It’s the controversy that just won’t go away, no matter how much the National Gallery of Canada and its director, Marc Mayer, might wish it would.
Reporters attending a news conference about a photo exhibit Wednesday were instructed by gallery staff not to ask questions about the gallery’s aborted attempt to unload a Marc Chagall masterpiece and acquire another painting by Jacques-Louis David, but the questions came nevertheless.
It was Mayer’s first public appearance since last Thursday, when the gallery’s board of trustees reversed its decision to auction off Chagall’s La Tour Eiffel at Christie’s later this month, following three weeks of public outcry.
Nothing to add
In an open letter on April 16 Mayer vigorously defended the decision, and vowed the sale would proceed whether the gallery was able to acquire the David piece or not.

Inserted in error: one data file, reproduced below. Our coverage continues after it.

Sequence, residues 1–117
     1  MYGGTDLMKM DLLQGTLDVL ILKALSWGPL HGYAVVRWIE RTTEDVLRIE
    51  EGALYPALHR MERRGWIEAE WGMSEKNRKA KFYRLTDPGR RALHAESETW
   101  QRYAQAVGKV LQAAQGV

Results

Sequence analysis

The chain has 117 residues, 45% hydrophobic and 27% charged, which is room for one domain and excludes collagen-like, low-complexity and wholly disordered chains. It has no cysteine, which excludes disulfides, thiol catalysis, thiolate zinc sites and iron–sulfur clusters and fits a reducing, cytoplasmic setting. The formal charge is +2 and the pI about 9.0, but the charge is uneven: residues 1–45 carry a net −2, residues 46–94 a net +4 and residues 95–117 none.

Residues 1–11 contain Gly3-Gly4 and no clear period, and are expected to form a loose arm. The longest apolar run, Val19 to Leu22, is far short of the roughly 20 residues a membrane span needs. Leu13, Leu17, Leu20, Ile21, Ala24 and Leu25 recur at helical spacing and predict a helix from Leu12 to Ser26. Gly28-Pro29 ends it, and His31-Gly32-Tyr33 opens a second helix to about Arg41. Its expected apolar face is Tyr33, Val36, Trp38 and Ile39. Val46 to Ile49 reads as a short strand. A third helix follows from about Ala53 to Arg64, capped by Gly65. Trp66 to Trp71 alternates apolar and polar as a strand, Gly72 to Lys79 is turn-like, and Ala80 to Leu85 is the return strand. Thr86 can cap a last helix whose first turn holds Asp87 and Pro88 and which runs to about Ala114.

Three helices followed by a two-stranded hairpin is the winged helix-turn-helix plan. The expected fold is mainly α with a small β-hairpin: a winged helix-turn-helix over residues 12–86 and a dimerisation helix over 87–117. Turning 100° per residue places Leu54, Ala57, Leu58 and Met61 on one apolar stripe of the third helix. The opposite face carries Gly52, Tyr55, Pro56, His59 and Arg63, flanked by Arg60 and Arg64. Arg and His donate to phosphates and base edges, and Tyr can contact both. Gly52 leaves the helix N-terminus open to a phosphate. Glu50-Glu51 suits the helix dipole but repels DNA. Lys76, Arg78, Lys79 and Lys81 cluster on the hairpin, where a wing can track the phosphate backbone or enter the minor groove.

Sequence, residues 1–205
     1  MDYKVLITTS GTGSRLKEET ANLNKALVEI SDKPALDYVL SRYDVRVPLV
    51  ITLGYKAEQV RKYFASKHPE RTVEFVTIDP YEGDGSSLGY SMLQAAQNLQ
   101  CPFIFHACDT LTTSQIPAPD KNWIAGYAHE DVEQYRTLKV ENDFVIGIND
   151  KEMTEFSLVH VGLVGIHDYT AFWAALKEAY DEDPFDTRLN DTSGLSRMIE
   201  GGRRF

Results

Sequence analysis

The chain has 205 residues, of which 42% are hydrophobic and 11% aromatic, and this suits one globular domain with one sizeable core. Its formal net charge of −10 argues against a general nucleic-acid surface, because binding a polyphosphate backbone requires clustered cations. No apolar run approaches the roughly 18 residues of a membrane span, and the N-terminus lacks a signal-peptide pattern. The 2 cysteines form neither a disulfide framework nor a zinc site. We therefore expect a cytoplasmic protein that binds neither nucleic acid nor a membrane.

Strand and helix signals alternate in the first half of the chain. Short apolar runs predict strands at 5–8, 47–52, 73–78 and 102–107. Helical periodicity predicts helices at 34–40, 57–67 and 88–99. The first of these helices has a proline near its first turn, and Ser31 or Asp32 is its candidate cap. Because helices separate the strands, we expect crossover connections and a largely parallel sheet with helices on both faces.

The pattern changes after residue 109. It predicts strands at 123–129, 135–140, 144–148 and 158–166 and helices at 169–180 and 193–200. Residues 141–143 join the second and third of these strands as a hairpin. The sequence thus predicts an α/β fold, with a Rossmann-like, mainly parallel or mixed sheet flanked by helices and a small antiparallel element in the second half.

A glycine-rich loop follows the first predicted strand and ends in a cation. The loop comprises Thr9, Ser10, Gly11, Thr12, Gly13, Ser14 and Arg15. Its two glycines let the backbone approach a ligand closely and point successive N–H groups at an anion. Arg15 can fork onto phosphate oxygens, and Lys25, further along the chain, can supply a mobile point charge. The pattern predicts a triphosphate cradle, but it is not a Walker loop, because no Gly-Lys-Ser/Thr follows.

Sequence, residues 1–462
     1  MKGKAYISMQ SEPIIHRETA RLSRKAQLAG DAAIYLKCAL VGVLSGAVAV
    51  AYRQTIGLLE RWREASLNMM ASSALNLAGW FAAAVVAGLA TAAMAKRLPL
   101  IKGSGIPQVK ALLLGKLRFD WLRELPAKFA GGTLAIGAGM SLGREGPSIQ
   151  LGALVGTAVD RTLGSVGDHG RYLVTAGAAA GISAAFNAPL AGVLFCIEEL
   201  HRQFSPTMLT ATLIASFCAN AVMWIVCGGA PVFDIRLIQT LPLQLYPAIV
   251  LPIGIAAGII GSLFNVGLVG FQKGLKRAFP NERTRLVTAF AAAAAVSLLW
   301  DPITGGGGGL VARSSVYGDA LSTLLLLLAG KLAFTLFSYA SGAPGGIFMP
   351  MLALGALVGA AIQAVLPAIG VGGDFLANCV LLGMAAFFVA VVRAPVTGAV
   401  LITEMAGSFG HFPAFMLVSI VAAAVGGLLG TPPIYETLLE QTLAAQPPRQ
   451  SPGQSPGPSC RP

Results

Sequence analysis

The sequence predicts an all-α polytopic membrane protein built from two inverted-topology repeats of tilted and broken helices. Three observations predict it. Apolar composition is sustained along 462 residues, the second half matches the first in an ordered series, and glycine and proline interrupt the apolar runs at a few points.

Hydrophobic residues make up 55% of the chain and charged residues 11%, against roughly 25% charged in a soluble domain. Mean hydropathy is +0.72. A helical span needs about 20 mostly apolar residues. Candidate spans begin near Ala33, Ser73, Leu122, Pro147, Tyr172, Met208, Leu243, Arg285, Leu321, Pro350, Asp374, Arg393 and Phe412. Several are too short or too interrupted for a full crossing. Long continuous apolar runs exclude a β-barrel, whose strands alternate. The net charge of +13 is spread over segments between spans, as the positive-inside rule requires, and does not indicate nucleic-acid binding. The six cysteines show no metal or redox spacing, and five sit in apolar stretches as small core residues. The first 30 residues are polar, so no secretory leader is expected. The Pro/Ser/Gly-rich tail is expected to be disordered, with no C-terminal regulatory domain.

Asked Wednesday when the Chagall would be returned by Christie’s to the gallery, and how much cancelling the auction could cost, Mayer had very little to say.
“We don’t have anything to add that we haven’t said already,” Mayer said. “I’d rather wait until I have something to answer your questions.”
In French, Mayer said those answers could come within a couple days.
Mayer bristled when asked about his ongoing reticence.
“That is exactly how I should do my job. I am a professional, and when I have the information to give you, I will give it to you.”